The below article appeared in 2005 Nevada news after the US Supreme Court ruled that those under age 18 could not receive the death penalty.
Court allows three in Nevada to live
Defendants were under 18 when slayings occurred
CORRECTION — 3/4/05
In a Wednesday Review-Journal story on a U.S. Supreme Court ruling that prohibits the execution of juveniles, a photo accompanying the story showed a man who is not death row inmate Michael Domingues, who was 16 when he killed a woman and her 4-year-old son during a robbery in Las Vegas in 1993. The man pictured, named Michael Dominguez, was sentenced to prison in 1988 after pleading guilty to first-degree murder in the contract slayings of a California couple.
She was 16 when two girls were stabbed
Three murder defendants accused of committing heinous crimes in Southern Nevada no longer face a possible death sentence following the U.S. Supreme Court’s elimination of capital punishment for juvenile killers Tuesday.
In a ruling praised by defense attorneys and panned by Clark County prosecutors, the high court ruled that suspects under the age of 18 lack the maturity and intellectual development to understand the ramifications of their actions.
“It’s a great day for teenaged killers and a dark day for families of murder victims,” District Attorney David Roger said.
But Las Vegas Valley defense attorneys said the decision was long overdue.
“Even though we don’t want them to smoke or drink, we want to be able to execute them?” defense attorney Tom Pitaro said. “We are no longer aligned with the Pakistans and Saudi Arabias of the world.”
Nevada law had allowed for the death penalty for people 16 and older, and Tuesday’s ruling immediately affects three pending criminal cases in Southern Nevada.
• Monique Maestas. Maestas was 16 when she was accused of stabbing Brittney Bergeron, 11, and her 3-year-old half sister, Kristyanna Cowan, in Mesquite in 2003. Cowan was slain and Bergeron was left paralyzed in what authorities said was an act of retribution for a bogus drug deal.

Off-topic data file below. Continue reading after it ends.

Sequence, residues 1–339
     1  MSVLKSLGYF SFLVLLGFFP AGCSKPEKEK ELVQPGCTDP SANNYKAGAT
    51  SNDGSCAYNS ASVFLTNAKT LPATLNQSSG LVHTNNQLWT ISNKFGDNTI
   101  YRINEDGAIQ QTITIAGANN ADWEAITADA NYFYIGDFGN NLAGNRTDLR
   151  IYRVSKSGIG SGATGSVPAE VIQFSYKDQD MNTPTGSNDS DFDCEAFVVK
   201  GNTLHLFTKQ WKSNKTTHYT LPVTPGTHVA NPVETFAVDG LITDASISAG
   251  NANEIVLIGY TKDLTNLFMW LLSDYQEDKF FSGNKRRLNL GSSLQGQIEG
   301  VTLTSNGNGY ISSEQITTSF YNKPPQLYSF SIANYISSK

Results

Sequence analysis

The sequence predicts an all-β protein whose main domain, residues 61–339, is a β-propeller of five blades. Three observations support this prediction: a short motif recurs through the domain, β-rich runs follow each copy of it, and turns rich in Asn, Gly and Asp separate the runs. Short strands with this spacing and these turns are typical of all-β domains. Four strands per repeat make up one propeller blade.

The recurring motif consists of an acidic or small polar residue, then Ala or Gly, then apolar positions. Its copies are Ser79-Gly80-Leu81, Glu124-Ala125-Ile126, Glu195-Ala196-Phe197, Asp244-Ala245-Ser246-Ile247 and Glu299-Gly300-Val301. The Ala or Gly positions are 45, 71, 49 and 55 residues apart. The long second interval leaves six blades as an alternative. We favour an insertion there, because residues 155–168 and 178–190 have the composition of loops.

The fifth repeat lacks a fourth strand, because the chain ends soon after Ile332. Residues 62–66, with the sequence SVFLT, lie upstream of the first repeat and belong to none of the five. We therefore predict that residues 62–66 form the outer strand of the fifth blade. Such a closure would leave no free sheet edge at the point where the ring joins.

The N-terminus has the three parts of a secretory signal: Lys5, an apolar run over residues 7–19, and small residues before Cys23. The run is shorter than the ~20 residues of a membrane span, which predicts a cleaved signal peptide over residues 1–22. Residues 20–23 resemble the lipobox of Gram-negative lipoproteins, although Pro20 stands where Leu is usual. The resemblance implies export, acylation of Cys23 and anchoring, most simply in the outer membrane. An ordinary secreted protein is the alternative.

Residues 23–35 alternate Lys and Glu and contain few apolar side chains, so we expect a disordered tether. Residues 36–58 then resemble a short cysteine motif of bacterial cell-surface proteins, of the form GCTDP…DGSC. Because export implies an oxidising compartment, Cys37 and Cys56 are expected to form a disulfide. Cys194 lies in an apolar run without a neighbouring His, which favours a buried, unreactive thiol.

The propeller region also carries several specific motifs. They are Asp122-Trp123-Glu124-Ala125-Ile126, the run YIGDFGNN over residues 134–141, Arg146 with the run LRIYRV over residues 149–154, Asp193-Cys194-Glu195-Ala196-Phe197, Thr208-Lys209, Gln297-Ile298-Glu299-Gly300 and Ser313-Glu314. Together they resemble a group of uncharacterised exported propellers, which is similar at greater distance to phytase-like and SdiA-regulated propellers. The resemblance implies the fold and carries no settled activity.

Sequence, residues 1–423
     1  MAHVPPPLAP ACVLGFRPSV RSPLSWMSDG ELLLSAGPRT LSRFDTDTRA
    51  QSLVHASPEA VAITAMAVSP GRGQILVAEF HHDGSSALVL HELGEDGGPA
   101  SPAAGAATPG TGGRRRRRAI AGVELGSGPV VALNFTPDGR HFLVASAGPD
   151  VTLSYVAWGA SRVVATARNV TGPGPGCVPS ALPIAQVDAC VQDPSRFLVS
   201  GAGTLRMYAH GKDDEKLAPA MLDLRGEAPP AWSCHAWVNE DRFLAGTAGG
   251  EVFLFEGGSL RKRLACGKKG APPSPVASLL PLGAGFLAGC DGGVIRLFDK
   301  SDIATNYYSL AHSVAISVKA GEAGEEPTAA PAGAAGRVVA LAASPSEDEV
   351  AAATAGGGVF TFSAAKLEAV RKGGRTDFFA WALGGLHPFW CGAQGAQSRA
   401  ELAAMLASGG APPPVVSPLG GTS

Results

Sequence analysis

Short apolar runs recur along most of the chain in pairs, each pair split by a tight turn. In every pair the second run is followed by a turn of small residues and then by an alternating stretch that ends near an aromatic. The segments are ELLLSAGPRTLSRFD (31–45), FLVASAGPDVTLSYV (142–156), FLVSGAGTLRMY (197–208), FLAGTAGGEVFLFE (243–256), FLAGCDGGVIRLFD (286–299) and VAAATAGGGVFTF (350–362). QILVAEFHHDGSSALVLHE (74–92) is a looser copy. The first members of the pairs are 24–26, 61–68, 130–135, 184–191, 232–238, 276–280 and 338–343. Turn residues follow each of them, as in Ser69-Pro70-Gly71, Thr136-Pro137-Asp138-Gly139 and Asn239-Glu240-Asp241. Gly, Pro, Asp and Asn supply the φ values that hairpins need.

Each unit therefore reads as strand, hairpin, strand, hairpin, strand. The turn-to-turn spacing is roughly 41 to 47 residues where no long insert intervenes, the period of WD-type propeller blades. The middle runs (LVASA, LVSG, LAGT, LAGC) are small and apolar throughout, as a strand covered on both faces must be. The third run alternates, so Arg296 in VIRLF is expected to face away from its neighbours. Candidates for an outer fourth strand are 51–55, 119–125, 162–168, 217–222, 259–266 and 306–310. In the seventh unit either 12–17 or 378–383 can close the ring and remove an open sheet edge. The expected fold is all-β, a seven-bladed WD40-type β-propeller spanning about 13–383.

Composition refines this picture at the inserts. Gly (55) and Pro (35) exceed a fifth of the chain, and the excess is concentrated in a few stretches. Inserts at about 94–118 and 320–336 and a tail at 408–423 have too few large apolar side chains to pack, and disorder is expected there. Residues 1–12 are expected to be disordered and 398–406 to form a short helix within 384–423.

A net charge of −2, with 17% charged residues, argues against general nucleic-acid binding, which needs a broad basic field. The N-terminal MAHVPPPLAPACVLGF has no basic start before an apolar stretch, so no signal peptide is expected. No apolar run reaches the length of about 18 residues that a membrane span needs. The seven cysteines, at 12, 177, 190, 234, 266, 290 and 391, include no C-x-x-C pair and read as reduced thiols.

Maestas and her then-19-year-old brother, Beau, were charged with first-degree murder. They are each awaiting trial.
If Monique Maestas had been convicted and sentenced to death, she would have been the youngest female on death row in the nation.
“They should have never been seeking the death penalty against children,” said Special Public Defender David Schieck, whose office represents Monique Maestas.
Beau Maestas still faces capital punishment.
• Michael Domingues was 16 when he killed a woman and her 4-year-old son during a robbery in Las Vegas in 1993. Domingues, according to Roger, tried to electrocute the child in the process of killing him.
Domingues was sentenced to death in 1994, making him the youngest person in modern history to receive a death sentence in Nevada. Prosecutors and defense attorneys said Domingues’s sentence is nullified by Tuesday’s ruling.
• Shane Myers. Myers is one of a group of teens charged with luring teenager Jared Whaley into the desert on the outskirts of Boulder City, then murdering him in 2003. Myers was 17 at the time of the crime, and he is awaiting trial.
Prosecutors had filed a notice of intent to seek the death penalty, but Pitaro, who is Myers’ attorney, said he had filed motions seeking to have the death penalty removed from Myers case based on the same issues cited in Tuesday’s ruling.
“I was jumping up and down,” Pitaro said of the ruling. “I was as happy as could be.”
Tuesday’s decision by the Supreme Court is one of a string of orders affecting death penalty cases in Nevada. In 2002, the Supreme Court ordered that juries, not judges, must impose a sentence of death. The court has also ruled that the mentally retarded cannot be executed.